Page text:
Anthologica Universe Atlas / Universes / Maikros / Ansu / Nahakhontl / Grammar


Nahakhontl is SVO, puts adjectives before nouns, and relative clauses after. Possessives go before the modified noun, while genitives go after. Most particles are prepositions, but there are a few postpositions.


As a heavily analytical language, there is very little synthetic morphology in Nahakhontl, and it is all prefixing. Nominal synthetic morphology amounts to three gender prefixes - male, female, and kmo - the last of which is chiefly used in the savannah dialects. These gender prefixes usually only apply to people and animals.

Verbal synthetic morphology is a bit more complex. There are three tense prefixes - one for the present, one for the past, and one for the future. There is also one aspect prefix, the continuous, which is mutually exclusive with the tenses. The infinitive is uninflected for tense or aspect. Then there is a negative prefix, which can be applied on top of the TAM prefixes.

Nominal Morphology

Gender Prefixes:
na- - MASC-
le- - FEM-
kmô- - KMO-

a - by (adessive, unmoving or singular)
agôh - below (subessive)
axíþ - none, nothing
až - out, about, around (adessive, either in motion or multiple)
čyú - and, with
ðen - or
éža - more
fôl - only
hôga - upon (superessive)
ĥezu - always
jô - of (genitive)
jum - some
kev - behind
kex - from (elative, ablative)
ô - if
rú - to the right of
ugl - less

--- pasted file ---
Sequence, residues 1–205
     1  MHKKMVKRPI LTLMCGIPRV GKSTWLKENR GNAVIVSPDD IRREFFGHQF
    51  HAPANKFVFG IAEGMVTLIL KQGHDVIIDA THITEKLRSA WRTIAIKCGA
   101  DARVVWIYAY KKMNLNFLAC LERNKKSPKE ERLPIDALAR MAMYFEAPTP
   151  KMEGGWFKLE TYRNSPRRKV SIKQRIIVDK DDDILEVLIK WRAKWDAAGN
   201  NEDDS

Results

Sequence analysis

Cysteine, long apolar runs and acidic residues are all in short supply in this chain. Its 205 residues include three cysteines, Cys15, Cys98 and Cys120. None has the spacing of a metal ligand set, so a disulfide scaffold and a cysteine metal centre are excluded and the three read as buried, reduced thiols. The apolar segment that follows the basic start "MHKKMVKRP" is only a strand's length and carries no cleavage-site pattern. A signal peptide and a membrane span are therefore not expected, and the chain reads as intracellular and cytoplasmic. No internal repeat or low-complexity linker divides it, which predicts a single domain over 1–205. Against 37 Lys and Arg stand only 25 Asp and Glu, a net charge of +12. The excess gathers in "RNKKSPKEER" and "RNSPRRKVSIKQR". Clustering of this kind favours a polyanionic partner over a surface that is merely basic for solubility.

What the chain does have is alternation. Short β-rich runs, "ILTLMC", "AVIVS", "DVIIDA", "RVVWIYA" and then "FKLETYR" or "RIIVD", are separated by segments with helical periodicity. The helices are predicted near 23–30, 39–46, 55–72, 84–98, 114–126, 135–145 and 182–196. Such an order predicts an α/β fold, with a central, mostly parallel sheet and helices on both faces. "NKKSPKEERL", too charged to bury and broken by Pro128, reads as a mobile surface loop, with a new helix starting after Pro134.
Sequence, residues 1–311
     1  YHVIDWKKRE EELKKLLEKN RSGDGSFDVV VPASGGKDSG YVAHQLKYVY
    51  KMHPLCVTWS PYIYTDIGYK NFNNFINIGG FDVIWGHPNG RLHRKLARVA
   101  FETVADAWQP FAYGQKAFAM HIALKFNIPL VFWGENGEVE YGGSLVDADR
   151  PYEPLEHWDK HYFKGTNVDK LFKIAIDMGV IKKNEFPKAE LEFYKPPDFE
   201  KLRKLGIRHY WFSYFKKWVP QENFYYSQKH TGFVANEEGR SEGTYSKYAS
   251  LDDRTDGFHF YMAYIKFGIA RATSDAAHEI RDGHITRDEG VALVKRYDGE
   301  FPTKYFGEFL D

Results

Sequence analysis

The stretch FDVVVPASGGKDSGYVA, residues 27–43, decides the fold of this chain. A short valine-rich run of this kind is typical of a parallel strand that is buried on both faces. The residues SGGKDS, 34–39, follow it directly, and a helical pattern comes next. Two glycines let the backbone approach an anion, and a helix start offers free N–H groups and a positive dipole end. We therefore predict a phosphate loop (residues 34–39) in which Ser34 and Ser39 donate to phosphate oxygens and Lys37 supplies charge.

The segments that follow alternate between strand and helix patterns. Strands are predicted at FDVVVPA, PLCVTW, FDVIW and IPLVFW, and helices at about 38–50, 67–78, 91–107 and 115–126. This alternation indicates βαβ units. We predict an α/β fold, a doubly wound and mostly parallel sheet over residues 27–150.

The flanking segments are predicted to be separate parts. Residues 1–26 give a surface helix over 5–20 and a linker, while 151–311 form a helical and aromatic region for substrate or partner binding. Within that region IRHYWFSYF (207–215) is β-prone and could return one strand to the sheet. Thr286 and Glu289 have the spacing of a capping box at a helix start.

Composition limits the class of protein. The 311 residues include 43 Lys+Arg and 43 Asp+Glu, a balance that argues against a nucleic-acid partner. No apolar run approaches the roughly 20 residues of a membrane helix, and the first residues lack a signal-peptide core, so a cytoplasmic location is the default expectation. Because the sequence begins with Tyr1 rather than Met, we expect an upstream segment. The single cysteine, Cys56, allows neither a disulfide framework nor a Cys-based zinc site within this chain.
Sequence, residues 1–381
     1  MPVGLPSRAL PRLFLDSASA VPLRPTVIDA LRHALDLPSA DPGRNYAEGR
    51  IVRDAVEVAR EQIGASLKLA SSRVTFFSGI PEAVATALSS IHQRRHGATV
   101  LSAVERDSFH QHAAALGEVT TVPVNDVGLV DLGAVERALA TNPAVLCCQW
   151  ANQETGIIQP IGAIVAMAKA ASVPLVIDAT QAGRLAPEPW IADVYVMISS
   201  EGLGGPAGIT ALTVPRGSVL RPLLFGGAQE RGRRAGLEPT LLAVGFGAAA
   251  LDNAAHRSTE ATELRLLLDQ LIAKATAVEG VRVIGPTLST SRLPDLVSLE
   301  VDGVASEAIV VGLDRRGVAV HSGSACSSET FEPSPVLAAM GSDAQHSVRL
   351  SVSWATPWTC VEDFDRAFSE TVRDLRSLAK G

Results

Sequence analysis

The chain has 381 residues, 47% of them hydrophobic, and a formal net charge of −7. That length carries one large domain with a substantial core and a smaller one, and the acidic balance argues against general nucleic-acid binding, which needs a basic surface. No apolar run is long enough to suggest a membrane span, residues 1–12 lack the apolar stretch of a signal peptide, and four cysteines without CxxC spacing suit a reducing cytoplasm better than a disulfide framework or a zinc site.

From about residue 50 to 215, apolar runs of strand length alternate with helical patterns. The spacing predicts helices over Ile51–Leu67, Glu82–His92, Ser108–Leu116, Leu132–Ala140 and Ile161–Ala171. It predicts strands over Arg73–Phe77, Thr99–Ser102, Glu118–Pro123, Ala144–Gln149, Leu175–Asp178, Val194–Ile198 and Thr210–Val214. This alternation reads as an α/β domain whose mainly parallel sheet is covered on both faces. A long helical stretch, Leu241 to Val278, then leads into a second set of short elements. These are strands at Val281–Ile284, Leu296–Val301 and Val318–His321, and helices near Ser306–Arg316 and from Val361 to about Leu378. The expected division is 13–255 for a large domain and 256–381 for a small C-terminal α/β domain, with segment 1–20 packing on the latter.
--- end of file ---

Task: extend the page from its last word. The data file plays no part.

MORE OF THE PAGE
únah - many
úr - to the left of
vek - in front of
yaxlr - all
ža - in (locative)

frú - plural
šô - interrogative
u - adjectivizer
vé - possessive

Prepositional Constructions:
a vek - to, for (dative, benefactive)
až hôga - such as, for example, because
čyú éža - until
hôga agôh - back to, returning to
hôga fôl - but, however, thus, therefore
hôga jô - concerning, thus, therefore
yaxlr éža - most
ža jô - relative clause

The 'hôga' constructions are frequently used to begin dependent clauses.

Adjectival Morphology

ugl - less
vlm - intensifier

ag - nominalizer

Verbal Morphology

ðú- CONT-
ga-  FUT-
í- - PAST-
ô- - PRES-
sa- NEG-

čaþ - nominalizer

Verbal morphology is probably one of the most complex parts of Nahakhontl grammar. You do not simply have a verb in a Nahakhontl sentence - you have a verbal construction. Every verbal construction must contain one of the auxiliaries: nal, 'to be' or pex, 'to do'. This is because the tense prefixes can only apply to these auxiliaries. Furthermore, the choice of nal or pex determines whether the verbal construction is imperfective or perfective, respectively. There are eight moods that can be conveyed with certain verbal constructions:

[aux] [verb] - indicative
pex ðú[verb] - imperative
[aux] nal ðú[verb] - subjunctive
gapex ganal [verb] - cohortative
až [aux] [verb] - generic
[aux] pex [verb] - conditional
víþ [aux] pex [verb] - hypothetical
[aux] nlo [verb] - desiderative

Furthermore, the habitual is formed with the continuous prefix on the auxiliary, but this means that the auxiliary can't also carry the tense. Such habituals are assumed to be in the present. To form a past or future habitual, the conditional construction is used, with the tense marker on the secondary auxiliary pex.

Another interesting part of verbal constructions is that double negatives - prefixing two terms in the verbal construction with the negative - are recognized as positives, and serve the function of the deferential, humble, respectful register. Triple negatives are used to form negatives in this register, and quadruple and quintuple negatives show even more deference, humility, and respect. Sextuple or higher negatives, however, are typically percieved as pathetic groveling.